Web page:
Now, AOR Blvd has promised that this is a remastered version and that some of that "80's sound" has been updated, but that's a lot of hooey.  Is it remastered?  Yes, no question.  Does this reissue sound better than the bootlegged copies I have or have heard?  Yeah, absolutely!  There is no question that the original nine tracks sound very crisp and clean.  The Russian (I'm assuming) disc, for example, sounded like it was recorded straight from vinyl, so there was a hiss to the sound, which was annoying, and the others sounded rather tinny to my ears.  Also, there are some volume issues on the previous versions I have/have had.  Those issues have largely been cleared up, as AOR Boulevard has obviously boosted the volume on this new release, making it much more listenable at a decent volume (meaning you don't have to turn it up to 8 to get decent volume out of it, which, in turn, increases the noise factor on just about any pre-2000 CD, in my opinion).  But regardless of what you may have read into the statement that the sound is "updated", it still sounds like 80's hard rock, as it should.  It's not like they brought back the layers of guitars that Rex mentioned in his interview with me, or that they changed the drum machine out for a live drummer.  Additionally, the three bonus cuts are all very demo sounding, with little to no mix to them at all.  Still cool to hear, and, if I'm not mistaken, a couple of these riffs were lifted from these songs to eventually become Whitecross riffs, as they are VERY familiar to me.  (Note--Rex verified this when I got the chance to update his interview, which you can read HERE).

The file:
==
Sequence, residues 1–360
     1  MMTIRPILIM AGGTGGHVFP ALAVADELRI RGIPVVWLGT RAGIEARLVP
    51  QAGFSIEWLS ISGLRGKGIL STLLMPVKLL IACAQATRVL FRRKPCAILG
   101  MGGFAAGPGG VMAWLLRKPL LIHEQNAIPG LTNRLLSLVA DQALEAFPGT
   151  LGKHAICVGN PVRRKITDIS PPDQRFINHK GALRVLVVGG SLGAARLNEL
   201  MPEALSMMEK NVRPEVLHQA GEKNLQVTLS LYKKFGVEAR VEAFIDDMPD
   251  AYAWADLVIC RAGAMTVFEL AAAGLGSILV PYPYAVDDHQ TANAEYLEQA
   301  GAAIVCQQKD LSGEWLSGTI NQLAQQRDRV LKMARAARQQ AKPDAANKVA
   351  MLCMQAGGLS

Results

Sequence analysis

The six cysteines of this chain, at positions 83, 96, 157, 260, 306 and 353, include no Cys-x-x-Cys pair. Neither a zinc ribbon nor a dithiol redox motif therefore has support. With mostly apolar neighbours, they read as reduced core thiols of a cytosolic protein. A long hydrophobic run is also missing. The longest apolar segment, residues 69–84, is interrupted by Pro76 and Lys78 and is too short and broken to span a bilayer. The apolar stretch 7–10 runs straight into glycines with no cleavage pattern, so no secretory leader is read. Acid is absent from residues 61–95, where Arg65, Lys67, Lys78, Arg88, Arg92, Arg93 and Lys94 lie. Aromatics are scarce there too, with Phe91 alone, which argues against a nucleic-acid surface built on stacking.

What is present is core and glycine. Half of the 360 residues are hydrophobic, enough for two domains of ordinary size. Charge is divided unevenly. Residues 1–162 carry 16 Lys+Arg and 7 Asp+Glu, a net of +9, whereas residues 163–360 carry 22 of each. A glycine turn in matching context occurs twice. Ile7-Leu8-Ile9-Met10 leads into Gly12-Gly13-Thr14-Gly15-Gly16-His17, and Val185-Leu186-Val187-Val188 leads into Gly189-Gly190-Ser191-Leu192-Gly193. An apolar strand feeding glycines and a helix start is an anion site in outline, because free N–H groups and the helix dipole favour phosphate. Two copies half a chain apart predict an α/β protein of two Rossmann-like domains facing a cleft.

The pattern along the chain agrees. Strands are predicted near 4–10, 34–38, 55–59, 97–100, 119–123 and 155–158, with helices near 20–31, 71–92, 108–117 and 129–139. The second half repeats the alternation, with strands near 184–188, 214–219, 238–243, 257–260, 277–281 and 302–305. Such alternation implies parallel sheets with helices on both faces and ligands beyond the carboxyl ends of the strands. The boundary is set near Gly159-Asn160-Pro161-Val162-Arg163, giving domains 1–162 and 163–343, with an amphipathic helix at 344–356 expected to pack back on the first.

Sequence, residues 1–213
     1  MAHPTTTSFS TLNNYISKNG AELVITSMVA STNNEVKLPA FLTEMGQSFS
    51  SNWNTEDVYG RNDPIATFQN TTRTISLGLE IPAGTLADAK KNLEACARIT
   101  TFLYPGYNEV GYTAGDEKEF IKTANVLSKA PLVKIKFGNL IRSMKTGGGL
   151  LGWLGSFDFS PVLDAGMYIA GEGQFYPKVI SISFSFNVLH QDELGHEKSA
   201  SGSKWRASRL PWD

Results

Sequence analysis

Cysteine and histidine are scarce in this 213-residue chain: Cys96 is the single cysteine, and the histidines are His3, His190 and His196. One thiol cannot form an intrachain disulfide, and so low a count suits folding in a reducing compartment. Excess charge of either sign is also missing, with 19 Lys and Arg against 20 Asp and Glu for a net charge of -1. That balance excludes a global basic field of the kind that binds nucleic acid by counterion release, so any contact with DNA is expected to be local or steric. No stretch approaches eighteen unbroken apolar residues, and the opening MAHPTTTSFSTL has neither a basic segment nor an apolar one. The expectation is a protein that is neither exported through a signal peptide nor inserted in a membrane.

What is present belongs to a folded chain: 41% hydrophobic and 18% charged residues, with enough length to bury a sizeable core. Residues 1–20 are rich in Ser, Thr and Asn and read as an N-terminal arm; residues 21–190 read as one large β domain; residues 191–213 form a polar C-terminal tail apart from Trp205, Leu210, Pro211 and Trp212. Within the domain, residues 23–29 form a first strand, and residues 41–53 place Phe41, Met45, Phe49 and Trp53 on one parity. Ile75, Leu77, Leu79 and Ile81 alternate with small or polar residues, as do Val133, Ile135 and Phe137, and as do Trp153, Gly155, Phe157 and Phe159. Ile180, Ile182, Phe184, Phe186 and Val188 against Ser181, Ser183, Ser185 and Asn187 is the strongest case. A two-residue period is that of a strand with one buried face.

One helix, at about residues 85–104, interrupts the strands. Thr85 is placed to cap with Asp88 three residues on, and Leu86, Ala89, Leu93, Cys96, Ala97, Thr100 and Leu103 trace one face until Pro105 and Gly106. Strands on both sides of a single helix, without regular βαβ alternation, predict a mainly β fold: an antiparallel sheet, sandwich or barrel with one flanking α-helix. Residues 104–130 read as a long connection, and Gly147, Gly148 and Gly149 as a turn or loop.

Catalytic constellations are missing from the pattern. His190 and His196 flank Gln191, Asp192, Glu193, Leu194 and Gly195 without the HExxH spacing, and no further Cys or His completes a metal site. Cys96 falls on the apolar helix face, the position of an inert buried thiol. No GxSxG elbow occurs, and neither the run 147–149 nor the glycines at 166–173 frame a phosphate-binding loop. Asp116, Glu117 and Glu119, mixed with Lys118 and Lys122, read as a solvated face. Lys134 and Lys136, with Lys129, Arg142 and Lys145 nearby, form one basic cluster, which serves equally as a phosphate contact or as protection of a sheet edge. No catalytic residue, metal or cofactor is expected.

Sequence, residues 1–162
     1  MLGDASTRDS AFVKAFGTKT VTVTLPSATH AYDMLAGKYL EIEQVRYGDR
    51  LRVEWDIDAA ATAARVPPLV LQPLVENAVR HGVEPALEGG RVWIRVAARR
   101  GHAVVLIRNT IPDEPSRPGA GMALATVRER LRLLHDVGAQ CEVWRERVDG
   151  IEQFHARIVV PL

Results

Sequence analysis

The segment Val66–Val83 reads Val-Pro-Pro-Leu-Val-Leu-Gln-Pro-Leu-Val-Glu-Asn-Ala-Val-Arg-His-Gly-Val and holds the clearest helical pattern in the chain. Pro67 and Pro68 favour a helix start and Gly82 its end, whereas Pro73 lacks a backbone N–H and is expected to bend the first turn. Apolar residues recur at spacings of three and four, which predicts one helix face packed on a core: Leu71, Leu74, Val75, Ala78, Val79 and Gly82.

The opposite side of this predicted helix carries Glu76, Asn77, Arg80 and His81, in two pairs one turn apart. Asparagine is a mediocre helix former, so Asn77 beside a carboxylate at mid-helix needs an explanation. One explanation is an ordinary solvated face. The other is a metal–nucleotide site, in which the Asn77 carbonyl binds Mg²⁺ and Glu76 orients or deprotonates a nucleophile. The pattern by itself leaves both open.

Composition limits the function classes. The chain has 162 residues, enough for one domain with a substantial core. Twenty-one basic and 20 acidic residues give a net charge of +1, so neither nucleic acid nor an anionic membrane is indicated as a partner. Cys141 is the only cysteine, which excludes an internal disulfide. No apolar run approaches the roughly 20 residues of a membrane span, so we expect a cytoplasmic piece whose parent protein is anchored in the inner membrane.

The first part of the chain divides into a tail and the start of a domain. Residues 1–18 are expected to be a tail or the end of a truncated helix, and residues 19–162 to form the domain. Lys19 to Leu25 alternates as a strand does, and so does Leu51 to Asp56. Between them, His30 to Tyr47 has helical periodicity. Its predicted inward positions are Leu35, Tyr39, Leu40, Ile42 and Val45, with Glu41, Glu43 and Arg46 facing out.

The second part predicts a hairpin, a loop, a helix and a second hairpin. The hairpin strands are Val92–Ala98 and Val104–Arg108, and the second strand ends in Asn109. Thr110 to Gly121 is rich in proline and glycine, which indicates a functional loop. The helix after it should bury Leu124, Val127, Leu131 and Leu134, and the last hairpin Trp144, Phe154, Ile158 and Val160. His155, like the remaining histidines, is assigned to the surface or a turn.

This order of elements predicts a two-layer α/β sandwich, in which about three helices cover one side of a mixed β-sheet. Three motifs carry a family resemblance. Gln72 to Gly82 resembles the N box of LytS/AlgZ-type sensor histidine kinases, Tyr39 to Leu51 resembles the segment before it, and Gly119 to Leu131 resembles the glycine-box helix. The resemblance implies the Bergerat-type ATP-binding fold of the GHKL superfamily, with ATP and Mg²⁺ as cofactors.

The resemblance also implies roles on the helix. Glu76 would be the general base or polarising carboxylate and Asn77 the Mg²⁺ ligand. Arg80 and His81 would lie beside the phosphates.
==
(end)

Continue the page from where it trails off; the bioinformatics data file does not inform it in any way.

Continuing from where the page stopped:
Musically, the album sits somewhere between Journey and a band like Dokken, or the lesser-known band, Eyes, for example.  It's harder-edged than the poppy stuff Journey had their greatest success with, but not as glammy or "hairy" as the hair metal acts of the time.  Relying on strong songwriting, killer guitar riffs, big hooks, and catchy choruses, this album is exactly what most radio stations were gobbling up.  I would go so far as to say it is one of the truly underrated gems of its time as far as this type of polished hard rock goes.  Elkins actually is a rather strong singer, sounding at times like a younger version of Jeff Scott Soto on power rockers like "Lion's Share", and the backing vocals throughout the record are also superbly done, as is evidenced on a track like "Heroes" or "Bad Maureen".  For his part, Reynolds was also quite a gifted vocalist on the three tracks presented here, with a bit more upper-end to his range, which is really shown on the ballad, "Getting Lost Inside Your Love".  However, it is Carroll's guitar work that really steals the show on the majority of these tracks, whether it is the tight rhythm work on "Out For Blood", the hook-laden "Bad Maureen", the catchy-as-sin title track, or the demo-form shredder, "Power To Rock".  "Bad Child" also shows some flash from Carroll, but this song also features one of the best rhythm sections on the whole project and I think it really showcases an edgier, harder sound that would have translated well with the later 80's crowd as hair metal and harder-edged rock were starting to really dominate.  It's really too bad that there is no way to get the original source tapes from this record and to have it properly mixed, as Carroll has told me that there were usually dozens upon dozens of guitar tracks laid down for these songs and that the sound was huge at one time, but, true to the 80's mentality, the tracks were condensed down, the drums (drum machine) was pushed out front, and the sound comes off as a watered down version of what it could have (should have) been.